“We think it is not a good deal. There were too many things weakened down or taken out of the agreement, so we will vote against this,” said Greens spokeswoman Ruth Reichstein.

The vote in Strasbourg brings to a close a legislative procedure that took almost three years.

The bill succeeds a previous set of emissions ceilings, which have proved difficult to meet.

According to the European Environmental Agency (EEA), 10 member states exceeded at least one ceiling in 2014.

That year, six member states exceeded their cap of nitrogen oxides (NOx): Austria, Belgium, France, Germany, Ireland, and Luxembourg.

“NOx reductions from this sector have been lower than originally anticipated over the last two decades, partly because transport has grown more than expected, and partly owing to the larger than expected growth in diesel vehicles producing higher NOx emissions than petrol-fuelled vehicles,” the EEA said.

Agriculture

The vote occurred on the same day the EEA published its an annual report on air quality.

The EEA said agriculture is "by far" the greatest emitter of ammonia and methane, two pollutants for which limits were respectively weakened and scrapped.

"Agriculture is the main emitter sector in which emissions of air pollutants have decreased least," the EEA said.

This article was updated at 12:45 to include the outcome of the vote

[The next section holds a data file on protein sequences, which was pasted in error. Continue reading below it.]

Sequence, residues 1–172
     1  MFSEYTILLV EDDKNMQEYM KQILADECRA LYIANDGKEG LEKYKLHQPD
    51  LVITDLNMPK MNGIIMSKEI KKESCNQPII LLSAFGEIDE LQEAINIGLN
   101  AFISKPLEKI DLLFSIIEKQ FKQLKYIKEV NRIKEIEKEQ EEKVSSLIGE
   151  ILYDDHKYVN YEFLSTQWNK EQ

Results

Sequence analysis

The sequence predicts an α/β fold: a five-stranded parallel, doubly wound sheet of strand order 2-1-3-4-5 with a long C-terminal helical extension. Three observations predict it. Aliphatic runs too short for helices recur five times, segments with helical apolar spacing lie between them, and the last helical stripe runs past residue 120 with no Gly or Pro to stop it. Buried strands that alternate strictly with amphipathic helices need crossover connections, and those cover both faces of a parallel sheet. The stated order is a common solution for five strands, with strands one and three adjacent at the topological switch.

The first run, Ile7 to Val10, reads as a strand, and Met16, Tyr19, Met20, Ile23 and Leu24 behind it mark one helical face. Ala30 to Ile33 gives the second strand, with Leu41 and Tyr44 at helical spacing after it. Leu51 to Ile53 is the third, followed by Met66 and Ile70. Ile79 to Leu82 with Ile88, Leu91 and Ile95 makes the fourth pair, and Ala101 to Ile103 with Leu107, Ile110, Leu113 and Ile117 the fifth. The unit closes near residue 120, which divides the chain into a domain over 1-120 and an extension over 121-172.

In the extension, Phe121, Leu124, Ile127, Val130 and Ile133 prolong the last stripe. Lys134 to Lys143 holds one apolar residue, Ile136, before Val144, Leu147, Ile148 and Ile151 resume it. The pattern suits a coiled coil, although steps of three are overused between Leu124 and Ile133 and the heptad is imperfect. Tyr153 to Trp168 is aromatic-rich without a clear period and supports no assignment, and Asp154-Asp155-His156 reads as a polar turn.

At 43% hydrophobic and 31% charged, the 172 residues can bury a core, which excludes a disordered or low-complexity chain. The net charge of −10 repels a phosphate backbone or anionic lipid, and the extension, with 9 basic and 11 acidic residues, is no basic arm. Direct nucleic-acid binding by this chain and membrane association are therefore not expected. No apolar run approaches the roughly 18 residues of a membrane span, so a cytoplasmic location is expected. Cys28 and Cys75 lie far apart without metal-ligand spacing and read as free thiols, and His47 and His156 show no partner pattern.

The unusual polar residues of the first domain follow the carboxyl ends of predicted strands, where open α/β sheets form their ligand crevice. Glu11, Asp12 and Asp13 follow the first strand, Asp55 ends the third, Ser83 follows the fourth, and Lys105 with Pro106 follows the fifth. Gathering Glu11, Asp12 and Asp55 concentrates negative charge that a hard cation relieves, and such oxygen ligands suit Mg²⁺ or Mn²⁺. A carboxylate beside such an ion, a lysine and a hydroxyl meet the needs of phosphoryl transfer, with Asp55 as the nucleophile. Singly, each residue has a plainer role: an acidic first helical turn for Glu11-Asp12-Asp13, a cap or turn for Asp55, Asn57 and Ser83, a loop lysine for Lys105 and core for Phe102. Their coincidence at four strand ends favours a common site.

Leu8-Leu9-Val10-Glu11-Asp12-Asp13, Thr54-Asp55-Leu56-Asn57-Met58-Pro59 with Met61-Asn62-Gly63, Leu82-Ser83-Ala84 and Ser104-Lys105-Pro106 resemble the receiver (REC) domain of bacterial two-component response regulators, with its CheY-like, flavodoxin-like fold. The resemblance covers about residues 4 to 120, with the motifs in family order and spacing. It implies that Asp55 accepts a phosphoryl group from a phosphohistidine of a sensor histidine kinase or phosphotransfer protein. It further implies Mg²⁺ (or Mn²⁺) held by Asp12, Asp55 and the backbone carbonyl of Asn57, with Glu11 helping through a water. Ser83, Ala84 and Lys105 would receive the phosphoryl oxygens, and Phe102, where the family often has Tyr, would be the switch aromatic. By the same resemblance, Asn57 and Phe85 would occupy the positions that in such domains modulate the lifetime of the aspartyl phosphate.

MEPs snub regulation of cow methane

Methane is second most important greenhouse gas after carbon dioxide. But MEPs voted to exclude "enteric methane," which is 80 to 85 percent of agriculture's share of emissions.

Interview

EU dilemma: more milk or clean air

MEP Julie Girling is steering an air pollution bill through the European Parliament, as national governments try to lower targets.

News in Brief

  1. New president for European Committee of the Regions
  2. Gas flows from Spain to Morocco, after Western Sahara row
  3. BioNTech, Pfizer test 'universal' coronavirus vaccine
  4. UK sanctions second-richest Russian businessman
  5. Hungary permits emergency supervision of energy firms
  6. Bulgaria expels 70 alleged Russian spies
  7. EU Commission told to improve CAP data analytics
  8. Scotland pushes for second independence vote in 2023

Stakeholders' Highlights

  1. Nordic Council of MinistersEmerging journalists from the Nordics and Canada report the facts of the climate crisis
  2. Council of the EUEU: new rules on corporate sustainability reporting
  3. Nordic Council of MinistersNordic ministers for culture: Protect Ukraine’s cultural heritage!
  4. Reuters InstituteDigital News Report 2022
  5. EFBWW – EFBH – FETBBHow price increases affect construction workers
  6. Nordic Council of MinistersNew Nordic think tank examines influence of tech giants

Latest News

  1. Nato expands and reinforces on Russian flank
  2. EU Commission says it cannot find messages with Pfizer CEO
  3. EU ministers sign off on climate laws amid German infighting
  4. EU presidency still looking for asylum relocation pledges
  5. Finland and Sweden to join Nato, as Erdoğan drops veto
  6. The euro — who's next?
  7. One rubicon after another
  8. Green crime-fighting boss urgently required, key MEP says

Join EUobserver

Support quality EU news

Join us